|Matthew Henry's Concise Commentary|
133:1-3 The excellency of brotherly love. - We cannot say too much, it were well if enough could be said, to persuade people to live together in peace. It is good for us, for our honour and comfort; and brings constant delight to those who live in unity. The pleasantness of this is likened to the holy anointing oil. This is the fruit of the Spirit, the proof of our union with Christ, and adorns his gospel. It is profitable as well as pleasing; it brings blessings numerous as the drops of dew. It cools the scorching heat of men's passions, as the dews cool the air and refresh the earth. It moistens the heart, and makes it fit to receive the good seed of the word, and to make it fruitful. See the proof of the excellency of brotherly love: where brethren dwell together in unity, the Lord commands the blessing. God commands the blessing; man can but beg a blessing. Believers that live in love and peace, shall have the God of love and peace with them now, and they shall shortly be with him for ever, in the world of endless love and peace. May all who love the Lord forbear and forgive one another, as God, for Christ's sake, hath forgiven them.
Verse 1. - Behold, how good and how pleasant it is for brethren to dwell together in unity! The unity described appears to be existent, and to present itself to the psalmist's vision. Hence the opening, "Behold!" All may see it, and see how blessed and pleasant a thing it is. "Brethren" is used in the wide sense of descendants of a common ancestor (Genesis 13:8; Exodus 2:11; Acts 7:26, etc.).
Gill's Exposition of the Entire Bible
Behold, how good and how pleasant it is,.... Aben Ezra thinks the word thing should be supplied; the thing is what follows;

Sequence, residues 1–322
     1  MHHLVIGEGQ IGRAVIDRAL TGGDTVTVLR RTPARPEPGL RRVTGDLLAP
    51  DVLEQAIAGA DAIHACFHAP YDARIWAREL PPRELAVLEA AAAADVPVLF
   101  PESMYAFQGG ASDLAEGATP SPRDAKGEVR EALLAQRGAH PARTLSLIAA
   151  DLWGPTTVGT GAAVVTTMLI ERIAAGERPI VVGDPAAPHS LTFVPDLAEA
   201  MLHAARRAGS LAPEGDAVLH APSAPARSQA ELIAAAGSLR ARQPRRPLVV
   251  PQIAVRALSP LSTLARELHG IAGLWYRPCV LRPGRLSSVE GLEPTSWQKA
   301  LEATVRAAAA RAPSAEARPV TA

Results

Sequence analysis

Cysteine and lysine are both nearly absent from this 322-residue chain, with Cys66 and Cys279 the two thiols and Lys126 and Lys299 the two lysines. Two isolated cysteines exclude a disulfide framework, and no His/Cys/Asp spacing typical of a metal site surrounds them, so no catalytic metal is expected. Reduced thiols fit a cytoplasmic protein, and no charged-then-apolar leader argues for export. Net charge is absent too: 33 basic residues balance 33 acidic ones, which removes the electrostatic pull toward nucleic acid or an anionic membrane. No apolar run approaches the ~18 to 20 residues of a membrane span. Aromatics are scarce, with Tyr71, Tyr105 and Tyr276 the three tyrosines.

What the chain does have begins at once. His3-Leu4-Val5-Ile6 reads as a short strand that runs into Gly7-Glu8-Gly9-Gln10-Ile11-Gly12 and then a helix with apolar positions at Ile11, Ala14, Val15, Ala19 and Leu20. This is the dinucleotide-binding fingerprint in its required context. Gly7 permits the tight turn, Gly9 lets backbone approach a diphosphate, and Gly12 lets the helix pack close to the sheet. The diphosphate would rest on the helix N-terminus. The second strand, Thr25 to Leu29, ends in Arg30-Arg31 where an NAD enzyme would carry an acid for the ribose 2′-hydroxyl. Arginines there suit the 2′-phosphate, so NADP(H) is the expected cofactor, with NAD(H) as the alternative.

for brethren to dwell together in unity: which the Targum interprets of Zion and Jerusalem, as two brethren; Aben Ezra of the priests; Kimchi of the King Messiah and the priest; and Jarchi, and Kimchi's father, of the Israelites; which is best of all, especially of those who are Israelites indeed; for this is not to be understood of all mankind, who are in some sense brethren, being all of one blood, and among whom peace is to be cultivated; nor merely of those of the same nation, under one and the same government, who should endeavour to live peaceably and quietly; nor of brethren in a strict natural state, who belong to the same family, and are of the same parents, and should be kindly affectioned one to another; but rather of such who are so in a spiritual sense, who have God for their fatherly adoption and regeneration, are related to Christ the firstborn among many brethren, and are members one of another, in the same church state; all which are a reason why they should love as brethren, and endeavour to keep the unity of the Spirit in the bond of peace, Matthew 23:8, 1 Peter 2:17; and "to dwell together in unity"; even as one man, as if one soul actuated them all; it is not only to dwell and abide in the house of God, where they have all a name and a place; but to associate together there, to go up to the house of God in company, and with delight to join together in acts of religious worship; to serve the Lord with one consent, with one mind and mouth to glorify God, and to be of one accord, having the same love; and to do all kind and good offices one to another in the most hearty and cordial manner; serving each other in love, bearing one another's burdens, sympathizing with each other in all circumstances, forgiving each other offences committed, praying with one another, and building up each other in their most holy faith, stirring up one another to love and to good works: now this is both "good" and "pleasant"; it is good, as being according to the will of God, the new command of Christ; what evidences the truth of regeneration, and of being the disciples of Christ; what makes the communion of saints comfortable and edifying, and without which a profession of religion is good for nothing: and it is pleasant to God and Christ, to angels and men, to the ministers of the Gospel, and to all about them and in a connection with them; and it is this which makes any particular dispensation in time delightful and agreeable; as the first times of the Gospel, and the latter day glory, the Philadelphian church state, which has its name from brotherly love; yea, it will be the glory and delight of heaven. Now this is ushered in with a note of attention and admiration, "behold", and with a note of exclamation, "how"; the psalmist pointing at some instance or instances of this kind, which were very amiable, and worthy of imitation; and suggesting that such a case is rare and wonderful, and inexpressibly good, profitable, and pleasant. Gussetius (z) renders it, "how good is the sabbatism of brethren, even gathered together"; for the exercise of religion, prayer, praise, &c.